If we do not comply with these rules, if the feedback system for our product is poorly designed, it may sometimes be better not to provide any information to the user at all.

Conceptual model

Finally, our user must to understand what he is doing when using our product. For this, she must have a conceptual model. Is the explanation that users gives to our functionalities and she’s idea about what our application does. Normally it will also be very simplified since it does not have to be complete or precise, as long as it is useful.

A good example of a conceptual model that we use on a daily basis are the notions of file and folder in our computer, which help us to understand easily how to save our documents in a certain location on our hard disk.

There can be different conceptual models for the same product. The representation we have as designers is not the same as the one a user may have. The conceptual models that we find in the technical documentation of many products are usually complex and detailed. The models we usually have in our heads are simpler and more intuitive. These are called mental models and are the ones we use when using any product.

Therefore, each user will have a mental model, and unless the user reads the documentation (assuming there is documentation) this will be formed through the keys obtained from the design of our user interface. For this we must correctly use all the elements already mentioned. We must correctly mark the afordances, signifiers, constraints and mappings so that the user gets a correct conceptual model of how our application works.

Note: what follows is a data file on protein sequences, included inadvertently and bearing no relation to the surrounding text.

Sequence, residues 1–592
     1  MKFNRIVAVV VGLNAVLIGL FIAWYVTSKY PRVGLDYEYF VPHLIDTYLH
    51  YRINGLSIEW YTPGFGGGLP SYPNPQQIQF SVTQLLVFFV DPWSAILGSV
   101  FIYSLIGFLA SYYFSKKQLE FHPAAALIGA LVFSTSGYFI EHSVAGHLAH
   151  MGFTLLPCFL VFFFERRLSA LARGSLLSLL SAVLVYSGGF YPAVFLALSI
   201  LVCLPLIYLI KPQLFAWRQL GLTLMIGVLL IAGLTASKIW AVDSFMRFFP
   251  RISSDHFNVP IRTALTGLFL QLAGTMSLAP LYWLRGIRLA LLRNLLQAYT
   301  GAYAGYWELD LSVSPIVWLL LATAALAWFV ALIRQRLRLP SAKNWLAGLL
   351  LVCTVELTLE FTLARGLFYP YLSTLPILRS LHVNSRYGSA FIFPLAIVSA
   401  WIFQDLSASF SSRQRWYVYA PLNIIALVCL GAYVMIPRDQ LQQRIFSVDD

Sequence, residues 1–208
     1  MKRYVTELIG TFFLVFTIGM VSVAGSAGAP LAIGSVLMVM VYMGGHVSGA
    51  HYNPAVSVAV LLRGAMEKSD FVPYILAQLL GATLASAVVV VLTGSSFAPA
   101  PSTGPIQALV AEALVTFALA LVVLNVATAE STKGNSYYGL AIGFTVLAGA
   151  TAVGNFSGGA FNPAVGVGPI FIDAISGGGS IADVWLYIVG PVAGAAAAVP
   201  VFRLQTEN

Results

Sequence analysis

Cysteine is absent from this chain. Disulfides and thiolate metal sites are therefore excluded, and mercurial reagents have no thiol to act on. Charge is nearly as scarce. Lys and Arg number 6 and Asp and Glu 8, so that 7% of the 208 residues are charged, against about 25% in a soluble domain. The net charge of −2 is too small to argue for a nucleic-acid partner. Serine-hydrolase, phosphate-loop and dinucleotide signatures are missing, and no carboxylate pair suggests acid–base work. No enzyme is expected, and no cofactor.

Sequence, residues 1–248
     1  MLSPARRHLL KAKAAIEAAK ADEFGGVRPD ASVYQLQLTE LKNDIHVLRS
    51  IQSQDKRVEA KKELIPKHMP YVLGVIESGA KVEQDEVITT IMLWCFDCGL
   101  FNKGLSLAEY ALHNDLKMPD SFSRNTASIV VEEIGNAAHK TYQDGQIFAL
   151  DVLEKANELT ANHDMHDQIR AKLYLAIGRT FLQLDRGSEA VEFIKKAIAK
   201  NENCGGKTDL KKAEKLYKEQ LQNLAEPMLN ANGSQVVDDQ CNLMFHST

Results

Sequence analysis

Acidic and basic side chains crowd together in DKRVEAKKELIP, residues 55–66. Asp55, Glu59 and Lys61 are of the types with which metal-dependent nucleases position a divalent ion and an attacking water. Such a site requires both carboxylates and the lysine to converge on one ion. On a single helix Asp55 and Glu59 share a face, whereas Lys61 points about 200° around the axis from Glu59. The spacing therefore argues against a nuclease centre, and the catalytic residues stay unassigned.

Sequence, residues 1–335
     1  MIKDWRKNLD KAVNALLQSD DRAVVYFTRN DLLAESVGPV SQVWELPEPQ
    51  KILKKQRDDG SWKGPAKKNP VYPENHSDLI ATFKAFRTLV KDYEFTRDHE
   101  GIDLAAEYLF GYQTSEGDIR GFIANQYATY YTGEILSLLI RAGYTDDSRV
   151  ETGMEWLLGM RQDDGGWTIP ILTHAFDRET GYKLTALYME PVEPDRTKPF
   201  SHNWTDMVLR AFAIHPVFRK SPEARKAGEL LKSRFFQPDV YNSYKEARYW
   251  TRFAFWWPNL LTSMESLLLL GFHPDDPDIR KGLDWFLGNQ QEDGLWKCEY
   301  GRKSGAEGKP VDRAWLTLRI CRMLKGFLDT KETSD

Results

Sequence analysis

In case the user has an erroneous mental model of our product, he will have difficulties to use it and will also be more prone to make mistakes in the tasks he/she has to perform with our system.

Conclusion and further readings

Taking all these principles into account, a good design requires planning, attention to detail and above all understanding the way our users behave and the capabilities they have. They must make a correct mental model of the entire system or application through the design of the user interface. During conception we will have to apply all the fundamental principles of interaction.

To investigate in more detail each of the elements that make up the fundamental principles of interaction for the design of user interfaces I recommend Don Norman’s book, The design of everyday things. It is a classic and a reference for the design of any product.

Finally, it is worth mentioning that the origin of the term afordance comes from the field of visual perception. It was coined by James Gibson in his book The Ecological Approach to Visual Perception.